Sneaking Cards Into the Middle of the Deck   Leave a comment

Reading Dave (not coworker Dave, but actually a different guy) LeBlanc’s blog recently led me to this post, which points out some interesting security problems that aren’t quite problems with an operating system, or problems with an application, but instead a problem specific to the interface between an application and the operating system.

A difference between UNIX-ish systems and systems based on DOS is that the current directory “.” is not on the search path for UNIX-ish systems, and it is for DOS systems, which didn’t have different users, so there was no need to worry about some of these things. Originally, a Windows system would look for DLLs using the same ordering that you’d look for an executable – as documented in the SearchPath API:

The directory from which the application loaded.
The current directory.
The system directory. Use the GetSystemDirectory function to get the path of this directory.
The 16-bit system directory. There is no function that retrieves the path of this directory, but it is searched.
The Windows directory. Use the GetWindowsDirectory function to get the path of this directory.
The directories that are listed in the PATH environment variable.

    The attack is that you find some DLL an app needs, make an evil twin, and put it in the same directory as a document, then lure someone who you’d like to have running your code to open the document. This is obviously a problem, and the advice we gave in Writing Secure Code (1&2) was to fully path the library you wanted to access with LoadLibrary. This advice isn’t always the best, since if you weren’t sure where you were installed, you might use SearchPath to go find it, which looks in the current directory, and now you have a problem again.

    What we did to fix it correctly was to make a setting that moved the current directory into the search order immediately before the path is searched, and after everything else. This took effect by default in XP SP2, Win2k3 and later, and was available in Win2k SP4. For the most part, this did get rid of the problem – if it was a DLL in the operating system, that got searched well before the current directory and all was good.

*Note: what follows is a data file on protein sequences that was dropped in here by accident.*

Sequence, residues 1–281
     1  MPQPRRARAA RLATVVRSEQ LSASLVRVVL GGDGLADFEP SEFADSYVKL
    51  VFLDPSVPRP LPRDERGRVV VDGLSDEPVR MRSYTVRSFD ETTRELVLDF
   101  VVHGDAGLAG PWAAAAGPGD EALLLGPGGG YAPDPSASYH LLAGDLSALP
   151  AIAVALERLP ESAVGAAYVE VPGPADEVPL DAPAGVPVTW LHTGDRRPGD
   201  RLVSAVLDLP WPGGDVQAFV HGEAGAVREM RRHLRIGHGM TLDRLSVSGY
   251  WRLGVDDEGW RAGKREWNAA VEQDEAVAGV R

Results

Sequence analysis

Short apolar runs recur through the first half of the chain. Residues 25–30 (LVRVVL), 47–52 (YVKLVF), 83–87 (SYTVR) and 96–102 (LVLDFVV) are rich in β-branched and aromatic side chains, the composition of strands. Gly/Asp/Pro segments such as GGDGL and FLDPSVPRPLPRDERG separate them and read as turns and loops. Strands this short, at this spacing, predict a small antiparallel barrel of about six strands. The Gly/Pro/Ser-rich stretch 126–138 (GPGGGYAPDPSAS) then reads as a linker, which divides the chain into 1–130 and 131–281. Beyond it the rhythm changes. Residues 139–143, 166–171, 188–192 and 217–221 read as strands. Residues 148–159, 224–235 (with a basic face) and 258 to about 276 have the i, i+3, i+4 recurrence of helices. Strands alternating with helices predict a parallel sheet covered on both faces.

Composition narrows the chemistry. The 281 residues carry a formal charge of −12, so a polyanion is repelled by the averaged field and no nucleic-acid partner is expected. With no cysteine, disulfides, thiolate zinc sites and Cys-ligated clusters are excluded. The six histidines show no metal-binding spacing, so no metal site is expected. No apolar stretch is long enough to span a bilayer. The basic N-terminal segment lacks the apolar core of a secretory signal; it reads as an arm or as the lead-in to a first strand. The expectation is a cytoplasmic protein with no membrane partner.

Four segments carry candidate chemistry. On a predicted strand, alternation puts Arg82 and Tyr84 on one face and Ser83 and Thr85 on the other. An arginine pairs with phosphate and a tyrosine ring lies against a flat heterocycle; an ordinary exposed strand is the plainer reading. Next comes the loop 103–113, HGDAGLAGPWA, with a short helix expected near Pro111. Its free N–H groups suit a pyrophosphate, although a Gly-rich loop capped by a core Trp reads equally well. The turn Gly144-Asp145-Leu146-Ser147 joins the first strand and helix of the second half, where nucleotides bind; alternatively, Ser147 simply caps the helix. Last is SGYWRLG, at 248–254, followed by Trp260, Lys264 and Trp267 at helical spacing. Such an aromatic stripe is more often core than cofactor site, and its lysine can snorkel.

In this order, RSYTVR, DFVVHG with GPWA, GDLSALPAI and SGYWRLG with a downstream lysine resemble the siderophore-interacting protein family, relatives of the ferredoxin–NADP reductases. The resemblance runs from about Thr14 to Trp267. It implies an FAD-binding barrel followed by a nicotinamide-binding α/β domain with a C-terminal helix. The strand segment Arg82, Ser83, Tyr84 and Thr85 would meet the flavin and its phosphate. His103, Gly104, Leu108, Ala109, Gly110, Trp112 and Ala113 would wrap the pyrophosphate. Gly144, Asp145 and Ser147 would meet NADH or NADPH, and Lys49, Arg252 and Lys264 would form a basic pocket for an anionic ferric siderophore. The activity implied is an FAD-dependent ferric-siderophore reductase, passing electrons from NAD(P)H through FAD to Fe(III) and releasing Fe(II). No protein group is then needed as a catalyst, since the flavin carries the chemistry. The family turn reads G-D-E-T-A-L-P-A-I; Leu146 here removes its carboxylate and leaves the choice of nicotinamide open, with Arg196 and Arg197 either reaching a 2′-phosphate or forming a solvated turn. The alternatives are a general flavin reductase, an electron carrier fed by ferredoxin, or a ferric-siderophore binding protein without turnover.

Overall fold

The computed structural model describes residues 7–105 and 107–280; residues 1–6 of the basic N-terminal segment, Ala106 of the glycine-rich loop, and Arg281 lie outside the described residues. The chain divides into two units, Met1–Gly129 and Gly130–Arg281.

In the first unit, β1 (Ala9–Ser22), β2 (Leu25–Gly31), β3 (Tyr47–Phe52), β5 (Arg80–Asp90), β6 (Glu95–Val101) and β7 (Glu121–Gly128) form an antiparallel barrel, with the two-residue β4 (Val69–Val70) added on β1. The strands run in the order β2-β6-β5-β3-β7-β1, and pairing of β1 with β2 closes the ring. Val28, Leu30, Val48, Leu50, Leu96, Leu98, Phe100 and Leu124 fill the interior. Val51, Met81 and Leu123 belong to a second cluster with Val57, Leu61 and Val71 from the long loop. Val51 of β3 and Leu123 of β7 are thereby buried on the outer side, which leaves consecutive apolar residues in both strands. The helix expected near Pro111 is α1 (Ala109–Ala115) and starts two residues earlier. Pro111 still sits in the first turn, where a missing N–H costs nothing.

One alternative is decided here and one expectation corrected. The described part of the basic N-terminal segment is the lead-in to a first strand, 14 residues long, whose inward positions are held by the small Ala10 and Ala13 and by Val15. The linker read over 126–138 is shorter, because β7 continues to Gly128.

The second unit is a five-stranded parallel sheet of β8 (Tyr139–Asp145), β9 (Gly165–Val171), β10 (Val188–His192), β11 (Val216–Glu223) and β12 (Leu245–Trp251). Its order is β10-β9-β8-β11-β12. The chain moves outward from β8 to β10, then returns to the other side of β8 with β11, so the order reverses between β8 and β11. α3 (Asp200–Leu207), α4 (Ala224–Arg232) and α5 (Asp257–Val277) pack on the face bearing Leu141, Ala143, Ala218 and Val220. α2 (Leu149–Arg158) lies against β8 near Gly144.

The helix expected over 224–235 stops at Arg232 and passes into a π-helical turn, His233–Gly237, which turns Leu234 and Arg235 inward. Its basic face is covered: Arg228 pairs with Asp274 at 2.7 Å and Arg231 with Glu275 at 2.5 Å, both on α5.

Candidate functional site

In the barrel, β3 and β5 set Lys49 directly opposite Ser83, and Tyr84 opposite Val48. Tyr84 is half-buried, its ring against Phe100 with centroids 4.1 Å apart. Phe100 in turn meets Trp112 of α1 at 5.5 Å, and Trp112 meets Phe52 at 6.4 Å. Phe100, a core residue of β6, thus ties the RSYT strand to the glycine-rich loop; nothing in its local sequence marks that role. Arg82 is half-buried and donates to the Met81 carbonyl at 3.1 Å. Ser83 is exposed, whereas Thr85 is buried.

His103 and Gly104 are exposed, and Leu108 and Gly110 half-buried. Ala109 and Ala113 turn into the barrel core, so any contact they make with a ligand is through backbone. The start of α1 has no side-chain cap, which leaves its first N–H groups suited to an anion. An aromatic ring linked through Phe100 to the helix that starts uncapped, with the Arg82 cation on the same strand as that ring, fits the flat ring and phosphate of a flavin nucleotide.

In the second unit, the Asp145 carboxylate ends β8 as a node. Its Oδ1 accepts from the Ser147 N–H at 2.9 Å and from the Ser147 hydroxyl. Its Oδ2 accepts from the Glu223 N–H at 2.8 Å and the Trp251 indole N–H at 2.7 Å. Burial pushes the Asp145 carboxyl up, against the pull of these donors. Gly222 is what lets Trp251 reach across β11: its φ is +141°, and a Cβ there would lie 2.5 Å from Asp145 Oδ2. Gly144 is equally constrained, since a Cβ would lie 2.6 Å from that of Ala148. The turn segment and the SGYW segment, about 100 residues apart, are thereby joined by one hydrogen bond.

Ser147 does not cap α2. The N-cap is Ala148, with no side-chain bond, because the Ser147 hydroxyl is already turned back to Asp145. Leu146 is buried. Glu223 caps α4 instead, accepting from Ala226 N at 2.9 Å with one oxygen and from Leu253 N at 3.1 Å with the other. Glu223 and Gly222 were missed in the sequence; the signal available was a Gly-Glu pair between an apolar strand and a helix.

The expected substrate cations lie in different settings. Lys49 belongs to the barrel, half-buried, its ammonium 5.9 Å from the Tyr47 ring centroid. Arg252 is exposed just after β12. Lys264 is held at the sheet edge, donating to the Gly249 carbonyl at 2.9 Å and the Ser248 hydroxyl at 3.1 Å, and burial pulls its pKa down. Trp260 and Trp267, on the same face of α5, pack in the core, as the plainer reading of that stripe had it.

The moral of the story: when you want to develop secure applications, you’re not writing code in a vacuum.  You need to understand how the operating system actually works.

    Windows API’s (root) are here.

    You have to dig around a bit to find the Dynamic Link Library search order:

    The dynamic-link library (DLL) search order used by the system depends on whether safe DLL search mode is enabled or disabled.

    Windows Vista, Windows Server 2003, and Windows XP SP2:  Safe DLL search mode is enabled by default. To disable this feature, create the HKLM\System\CurrentControlSet\Control\Session Manager\SafeDllSearchMode registry value and set it to 0. Calling the SetDllDirectory function effectively disables SafeDllSearchMode while the specified directory is in the search path and changes the search order as described in this topic.

    Windows XP and Windows 2000 SP4:  Safe DLL search mode is disabled by default. To enable this feature, create the SafeDllSearchMode registry value and set it to 1.

    If SafeDllSearchMode is enabled, the search order is as follows:

    1. The directory from which the application loaded.
    2. The system directory. Use the GetSystemDirectory function to get the path of this directory.
    3. The 16-bit system directory. There is no function that obtains the path of this directory, but it is searched.
    4. The Windows directory. Use the GetWindowsDirectory function to get the path of this directory.
    5. The current directory.
    6. The directories that are listed in the PATH environment variable. Note that this does not include the per-application path specified by the App Paths registry key.

    If SafeDllSearchMode is disabled, the search order is as follows:

    1. The directory from which the application loaded.
    2. The current directory.
    3. The system directory. Use the GetSystemDirectory function to get the path of this directory.
    4. The 16-bit system directory. There is no function that obtains the path of this directory, but it is searched.
    5. The Windows directory. Use the GetWindowsDirectory function to get the path of this directory.
    6. The directories that are listed in the PATH environment variable. Note that this does not include the per-application path specified by the App Paths registry key.
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    Posted March 21, 2008 by padraic2112 in security, software, tech

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